Effect of lignin content and structure on the anatomical, physical and mechanical properties of genetically engineered aspen trees.

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Title: Effect of lignin content and structure on the anatomical, physical and mechanical properties of genetically engineered aspen trees.
Author: Horvath, Balazs
Advisors: Ilona Peszlen, Committee Chair
Perry Peralta, Committee Co-Chair
Fikret Isik, Committee Member
Stephen Kelley, Committee Member
Daniel Saloni, Committee Member
Abstract: The effect of lignin genetic engineering on various wood properties were investigated for wild-type and transgenic quaking aspen (Populus tremuloides Michx.) groups with reduced lignin content, increased syringyl to guaiacyl (S/G) ratio, and both reduced lignin content and increased S/G ratio in four studies. In the first study, diameter growth and cell morphology of one-year-old transgenic aspen were assessed using quantitative wood anatomy and fiber quality analysis techniques. The genetic group with reduced lignin content had similar radial growth and quantitative anatomical properties, but the genetic group with increased S/G ratio had lower diameter growth and different vessel structure compared to the wild-type. The combined effect of lignin content and structural changes was more complex and gave inconsistent results. In the second study, dynamic modulus of elasticity (MOE) using a nondestructive acoustic technique and static MOE using micromechanical testing method were investigated for 2.5-year-old transgenic aspen. Results showed that all of the transgenics had lower MOE than the wild-type. In the third study, a dynamic mechanical analyzer (DMA) in static bending mode was used to determine the elastic modulus in water and ethylene glycol for 2.5-year-old transgenic aspen. Dynamic mechanical analyzer MOE values were compared to MOE values determined by nondestructive acoustic technique and micromechanical testing. All of the measured elastic moduli showed a similar trend of lower MOE for transgenics compared to the wild-type. In the fourth study, the in situ lignin glass transition of one-year-old transgenic aspen was investigated using a dynamic mechanical analyzer and a rheometer. Results suggested that an increase in the S/G ratio does not affect the glass transition temperature, but a reduction in lignin content decreased the softening temperature of transgenic wood. This research revealed that a reduction in lignin content had a more severe effect on wood properties than an increase in S/G ratio. However, diameter growth of transgenic trees with increased S/G ratio was lower. The combined effect of reduced lignin content and increased S/G ratio was inconsistent and needs further investigation.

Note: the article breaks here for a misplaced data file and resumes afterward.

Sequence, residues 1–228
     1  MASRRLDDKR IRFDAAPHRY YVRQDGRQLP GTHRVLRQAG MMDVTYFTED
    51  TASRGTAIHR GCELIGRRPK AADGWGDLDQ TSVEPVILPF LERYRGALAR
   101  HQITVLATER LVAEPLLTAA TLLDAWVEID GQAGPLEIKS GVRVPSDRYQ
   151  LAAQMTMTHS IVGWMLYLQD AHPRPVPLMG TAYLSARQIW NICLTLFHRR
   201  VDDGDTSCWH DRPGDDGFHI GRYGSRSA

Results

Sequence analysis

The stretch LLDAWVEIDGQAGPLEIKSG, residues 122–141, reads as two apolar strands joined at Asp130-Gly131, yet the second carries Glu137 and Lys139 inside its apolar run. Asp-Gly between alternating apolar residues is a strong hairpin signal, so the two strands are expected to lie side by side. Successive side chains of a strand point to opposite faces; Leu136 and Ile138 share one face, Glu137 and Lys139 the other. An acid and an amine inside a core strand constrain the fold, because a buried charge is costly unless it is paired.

Date: 2009-06-30
Degree: PhD
Discipline: Wood and Paper Science
URI: http://www.lib.ncsu.edu/resolver/1840.16/3055


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